“Passions and emotions remain the most important aspect of investing,” Mr. Nations writes. “Learning about, understanding, and accounting for your own behavioral quirks can do more to improve your long-term investing results than even a roaring bull market can.”
Bear markets present a psychological challenge for investors. Losing money is about twice as painful as making money is pleasant—a phenomenon known as loss aversion. Investors typically sell when stocks go down, seeking to limit further losses. The result, Mr. Nations shows, is a tendency to “buy into bubbles and sell into crashes.” Investors sold off equities throughout the 2008 financial crisis, especially near the absolute bottom in March 2009. The decision to sell stocks during major downturns, Mr. Nations argues, is one of the worst habits of the investment community.
Mr. Nations’s last book, “A History of the United States in Five Crashes,” was a narrative history of Wall Street’s greatest panics. He has studied the math and history of market volatility, and his new book focuses on the psychology that drives it. Humans are social animals, and when their peers are selling and newspapers are full of panicky headlines about financial collapse, it’s extremely difficult to resist. “Herding is particularly dangerous on the downside of a bear market or stock market crash when the ability to think independently is simultaneously elusive and crucial,” Mr. Nations writes. The rational option, he says, is to be a contrarian during major market dislocations, even if most people prefer the comfort of the herd to making risky solo stands.
Overconfidence is one of the most significant challenges. Meteorologists make a high volume of forecasts, get immediate feedback on accuracy and can clearly measure their results. The same is true of horse-race handicappers. But investing is different. “The best investors trade infrequently; feedback can require years; and even then, ‘success’ is a subjective measure.” Investor confidence tends to correlate with recent performance, which usually has no predictive power over future results. Still, those on winning streaks become overconfident and take on more risk, while those on losing streaks focus on risk management and caution.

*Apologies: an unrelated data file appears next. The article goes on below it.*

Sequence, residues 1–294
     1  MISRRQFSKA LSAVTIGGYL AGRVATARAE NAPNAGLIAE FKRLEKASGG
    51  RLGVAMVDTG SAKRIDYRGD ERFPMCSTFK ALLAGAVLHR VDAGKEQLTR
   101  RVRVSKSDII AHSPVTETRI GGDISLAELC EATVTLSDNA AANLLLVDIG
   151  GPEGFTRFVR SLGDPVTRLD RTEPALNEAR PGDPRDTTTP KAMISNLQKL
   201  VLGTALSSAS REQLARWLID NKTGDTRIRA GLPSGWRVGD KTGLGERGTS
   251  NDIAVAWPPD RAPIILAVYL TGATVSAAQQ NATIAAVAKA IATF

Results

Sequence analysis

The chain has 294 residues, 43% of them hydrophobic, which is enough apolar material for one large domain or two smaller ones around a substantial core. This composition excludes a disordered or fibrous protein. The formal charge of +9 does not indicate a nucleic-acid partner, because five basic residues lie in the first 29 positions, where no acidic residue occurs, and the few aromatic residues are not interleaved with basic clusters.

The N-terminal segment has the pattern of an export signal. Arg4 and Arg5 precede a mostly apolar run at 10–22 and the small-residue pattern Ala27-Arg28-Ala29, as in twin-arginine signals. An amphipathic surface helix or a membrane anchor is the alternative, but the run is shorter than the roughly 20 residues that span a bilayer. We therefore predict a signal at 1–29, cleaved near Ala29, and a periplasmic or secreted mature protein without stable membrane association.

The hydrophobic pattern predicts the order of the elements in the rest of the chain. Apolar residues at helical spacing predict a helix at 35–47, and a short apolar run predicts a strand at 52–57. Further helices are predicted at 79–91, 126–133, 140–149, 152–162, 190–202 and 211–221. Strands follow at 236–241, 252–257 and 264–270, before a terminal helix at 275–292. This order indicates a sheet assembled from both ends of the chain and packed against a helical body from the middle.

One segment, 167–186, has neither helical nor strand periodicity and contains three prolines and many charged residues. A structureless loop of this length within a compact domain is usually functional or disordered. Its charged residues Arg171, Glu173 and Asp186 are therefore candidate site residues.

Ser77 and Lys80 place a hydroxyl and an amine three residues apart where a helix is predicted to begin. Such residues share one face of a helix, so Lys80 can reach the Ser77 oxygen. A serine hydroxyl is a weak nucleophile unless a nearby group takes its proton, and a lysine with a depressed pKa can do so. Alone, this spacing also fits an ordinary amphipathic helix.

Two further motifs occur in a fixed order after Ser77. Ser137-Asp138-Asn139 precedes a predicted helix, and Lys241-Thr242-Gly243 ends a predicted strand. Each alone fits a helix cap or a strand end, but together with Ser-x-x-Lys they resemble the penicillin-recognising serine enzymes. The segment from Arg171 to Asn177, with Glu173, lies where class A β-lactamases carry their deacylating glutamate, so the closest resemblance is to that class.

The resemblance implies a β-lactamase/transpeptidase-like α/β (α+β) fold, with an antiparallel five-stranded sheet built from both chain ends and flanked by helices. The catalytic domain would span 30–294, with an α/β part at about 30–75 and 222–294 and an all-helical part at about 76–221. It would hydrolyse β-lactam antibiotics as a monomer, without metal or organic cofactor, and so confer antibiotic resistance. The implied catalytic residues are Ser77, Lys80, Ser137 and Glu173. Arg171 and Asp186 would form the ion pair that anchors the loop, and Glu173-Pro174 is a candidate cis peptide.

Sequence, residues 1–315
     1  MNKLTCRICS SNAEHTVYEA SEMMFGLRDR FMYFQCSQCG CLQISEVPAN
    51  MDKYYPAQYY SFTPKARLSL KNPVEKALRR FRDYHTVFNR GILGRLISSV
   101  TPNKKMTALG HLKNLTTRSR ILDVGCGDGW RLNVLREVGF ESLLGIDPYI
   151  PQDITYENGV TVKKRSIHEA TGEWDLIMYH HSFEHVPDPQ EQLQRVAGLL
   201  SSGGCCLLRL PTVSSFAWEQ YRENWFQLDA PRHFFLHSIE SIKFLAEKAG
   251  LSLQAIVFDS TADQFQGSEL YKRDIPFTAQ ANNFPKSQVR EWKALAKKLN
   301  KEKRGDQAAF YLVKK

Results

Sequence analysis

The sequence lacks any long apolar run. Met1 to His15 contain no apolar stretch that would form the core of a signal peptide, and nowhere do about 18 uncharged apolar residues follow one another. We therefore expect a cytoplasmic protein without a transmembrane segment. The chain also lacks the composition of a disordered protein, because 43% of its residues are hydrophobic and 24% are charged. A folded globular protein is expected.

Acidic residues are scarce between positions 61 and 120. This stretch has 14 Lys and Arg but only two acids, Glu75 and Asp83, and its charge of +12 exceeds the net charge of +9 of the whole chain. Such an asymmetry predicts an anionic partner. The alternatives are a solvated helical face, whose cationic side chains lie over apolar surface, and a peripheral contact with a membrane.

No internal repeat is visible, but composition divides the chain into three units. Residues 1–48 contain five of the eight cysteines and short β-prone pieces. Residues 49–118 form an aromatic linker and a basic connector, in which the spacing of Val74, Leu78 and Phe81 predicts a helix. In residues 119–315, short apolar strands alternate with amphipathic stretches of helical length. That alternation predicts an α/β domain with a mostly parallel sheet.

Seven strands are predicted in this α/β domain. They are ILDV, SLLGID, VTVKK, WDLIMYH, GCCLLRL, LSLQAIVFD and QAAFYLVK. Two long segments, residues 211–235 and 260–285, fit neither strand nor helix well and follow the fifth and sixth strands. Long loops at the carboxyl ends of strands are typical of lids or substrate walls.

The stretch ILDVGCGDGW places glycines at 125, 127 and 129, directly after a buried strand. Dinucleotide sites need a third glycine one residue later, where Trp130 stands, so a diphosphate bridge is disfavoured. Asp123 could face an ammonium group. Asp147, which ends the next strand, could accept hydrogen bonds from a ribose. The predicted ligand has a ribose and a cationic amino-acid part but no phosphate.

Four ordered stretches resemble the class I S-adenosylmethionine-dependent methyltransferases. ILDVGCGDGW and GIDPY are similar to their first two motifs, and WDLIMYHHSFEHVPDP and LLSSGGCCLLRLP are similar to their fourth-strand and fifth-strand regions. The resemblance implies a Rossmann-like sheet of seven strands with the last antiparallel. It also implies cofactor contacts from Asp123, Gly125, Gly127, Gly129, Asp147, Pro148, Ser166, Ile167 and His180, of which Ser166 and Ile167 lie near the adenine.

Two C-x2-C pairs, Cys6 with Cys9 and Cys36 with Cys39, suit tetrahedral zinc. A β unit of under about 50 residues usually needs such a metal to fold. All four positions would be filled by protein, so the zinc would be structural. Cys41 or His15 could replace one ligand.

“None of the behavioral biases that humans display when investing—not a single one—generates better returns or minimizes risk,” Mr. Nations writes. To make better decisions, investors need to understand and overcome their instincts. He lays out what he believes is the simplest path to follow to achieve better results: buy and hold for the long term; invest primarily in broad-based index funds; and refrain from checking your portfolio too often lest you be tempted to act.
Those who check their portfolios often tend to take too little risk; they prefer cash and fixed income to equities despite the better returns offered by stocks. These investors also tend to trade more often. One study Mr. Nations cites found that investors who traded infrequently achieved returns that matched the market, but the quintile of investors who traded the most lagged the market by about 7% per year. Those who do less earn more.
The economist Robert Shiller wrote that investing in speculative assets is a social activity and that investors “spend a substantial part of their leisure time discussing investments, reading about investments, or gossiping about others’ successes or failures in investing.” Mr. Nations argues that we’d be better off avoiding these social aspects of investing. Presumably reading books about investing or following financial experts on Twitter doesn’t cross the line.
With the equity and fixed-income markets off to a rough start in 2022, investors might do well to review the lessons shared in Mr. Nations’s book—and to try to conquer the anxiety that volatility can create even for the most seasoned and thoughtful financiers.
Mr. Rasmussen is the founding partner of the hedge fund Verdad Advisers.
Appeared in the July 6, 2022, print edition as 'Trading With a Cool Head'.
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